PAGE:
> of notification.  Ignored.  exception: *** -[NSCFDictionary
    > setObject:forKey:]: attempt to insert nil value
    > 2007-12-06 12:21:45.765 MyApp[21317] Failed to load
    > NSSystemInfoPanel.nib

    What does the 'lsof' command say?

          - Scott
  • Hi,

    Do you have a NSAutoreleasePool inside (not around) your loop, and do
    you release it?

    Stéphane

    On 5 Dec 2007, at 05:21 , Chad Armstrong wrote:

    > I have an application which loops an arbitrary number of times
    > (depending on the number of files being handled), which calls an
    > NSTask.  I'm encountering an odd error with pre-Leopard systems
    > where if my program loops around 200 times, the following error is
    > called.
    >
    > 2007-11-26 13:43:29.137 MyApp[3595] Exception raised during posting
    > of notification.  Ignored.  exception: *** -[NSCFDictionary
    > setObject:forKey:]: attempt to insert nil value
    >
    > I've done some research, but I cannot find anything which seems to
    > pin point this particular problem.  My guess is that this error is
    > being thrown when an NSTaskDidTerminateNotification is called after
    > the task is complete.  What I've been able to dig up on this
    > "notification exception" might be related to "too many files being
    > opened at once".
    >
    > Another odd thing about this situation is that I cannot reproduce
    > the problem on Leopard.  However, on earlier systems (Tiger,
    > Panther, and Jaguar), the problem exists.  This is a pre-existing
    > issue, so it is not something that happened after building on
    > Leopard or anything along those lines.
    >
    > In my code, I also do make one call to an NSMutableDictionary, which
    > does have a [NSDictionary setObject: forKey:] call, but that doesn't
    > seem to be the source of the problem since I eliminated that code,
    > and the problem persists.
    >
    > Any ideas?
    >
    > Regards,
    >
    > Chad
    >
    > _______________________________________________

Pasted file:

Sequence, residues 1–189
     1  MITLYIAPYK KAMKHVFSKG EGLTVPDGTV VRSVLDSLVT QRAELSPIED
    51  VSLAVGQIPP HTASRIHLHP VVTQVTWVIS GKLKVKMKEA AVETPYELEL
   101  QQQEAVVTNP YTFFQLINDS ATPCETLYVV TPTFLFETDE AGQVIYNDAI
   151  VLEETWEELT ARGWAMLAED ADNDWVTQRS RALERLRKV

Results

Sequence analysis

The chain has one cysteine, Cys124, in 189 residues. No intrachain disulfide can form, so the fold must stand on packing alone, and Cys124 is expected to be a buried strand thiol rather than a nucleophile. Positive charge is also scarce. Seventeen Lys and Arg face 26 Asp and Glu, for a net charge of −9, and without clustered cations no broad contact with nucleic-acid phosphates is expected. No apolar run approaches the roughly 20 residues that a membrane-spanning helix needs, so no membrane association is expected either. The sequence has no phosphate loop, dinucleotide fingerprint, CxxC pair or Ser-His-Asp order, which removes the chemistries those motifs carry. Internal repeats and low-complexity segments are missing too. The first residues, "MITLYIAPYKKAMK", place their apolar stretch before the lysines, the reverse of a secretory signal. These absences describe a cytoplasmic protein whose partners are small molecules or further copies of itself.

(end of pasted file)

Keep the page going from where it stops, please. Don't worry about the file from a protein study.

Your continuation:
> MacOSX-dev mailing list
    > <MacOSX-dev...>
    > http://www.omnigroup.com/mailman/listinfo/macosx-dev
  • >> 2007-12-06 12:20:30.943 MyApp[21317] Exception raised during posting
    >> of notification.  Ignored.  exception: *** -[NSCFDictionary
    >> setObject:forKey:]: attempt to insert nil value
    >> 2007-12-06 12:21:45.765 MyApp[21317] Failed to load
    >> NSSystemInfoPanel.nib
    >
    > What does the 'lsof' command say?

    I have also been using lsof, and I'm not finding anything that looks
    too suspicious.  I when I run it, I see the file that is being worked
    on currently, but no mention of older files at all.

    I'll check again, however, just to double-check.

    >
    > Do you have a NSAutoreleasePool inside (not around) your loop, and do
    > you release it?

    Yes, there is an NSAutoreleasePool that is used in the code (to
    capture output coming from the NSTask), but I explicitly call a [pool
    release] at the end of the method that uses the NSAutoreleasePool.

    - Chad
  • On Dec 7, 2007, at 2:00 PM, <macosx-dev-request...> wrote:

    > What does the 'lsof' command say?
    >
    > - Scott

    Under Leopard, lsof wasn't revealing much.  However, my problem
    doesn't seem to appear in Leopard, but I went back to Tiger and tried
    it again.  This finally seems to be pointing in the right direction!
    My task is making use of a pipe, which is acting as a new "file" or
    resource and it isn't closing properly.

    MyApp 1074 admin    0r  CHR                   3,2      0t0 41792260 /dev/null
    MyApp 1074 admin    1w  CHR                   0,0    0t187 41792772 /dev/
    console
    MyApp 1074 admin    2w  CHR                   0,0    0t187 41792772 /dev/
    console
    MyApp 1074 admin    3r     PSXSHM              4096
    apple.shm.notification_center
    MyApp 1074 admin    4r     PSXSHM              4096          /tmp/
    com.apple.csseed.65
    MyApp 1074 admin    5r     PSXSHM              4096
    apple.shm.notification_center
    ...
    MyApp 1074 admin  38    PIPE 0x2ca56c8    16384
    MyApp 1074 admin  39    PIPE 0x2ca5680    16384
    MyApp 1074 admin  40    PIPE 0x2ca5638    16384
    MyApp 1074 admin  41    PIPE 0x2ca55f0    16384
    MyApp 1074 admin  42    PIPE 0x2ca55a8    16384
    MyApp 1074 admin  43    PIPE 0x2ca5560    16384
    ...
    MyApp 1074 admin  249    PIPE 0x38eeb00    16384
    MyApp 1074 admin  250    PIPE 0x38eeab8    16384
    MyApp 1074 admin  251    PIPE 0x38eea70    16384
    MyApp 1074 admin  252    PIPE 0x38eea28    16384
    MyApp 1074 admin  253    PIPE 0x38ee9e0    16384
    MyApp 1074 admin  254    PIPE 0x38ee998    16384

    After looking back at my code, it appears I forgot to deallocate the
    pipe except at the very end!  Going to test this now, and perhaps this
    will fix my problem.

    Best regards,

    Chad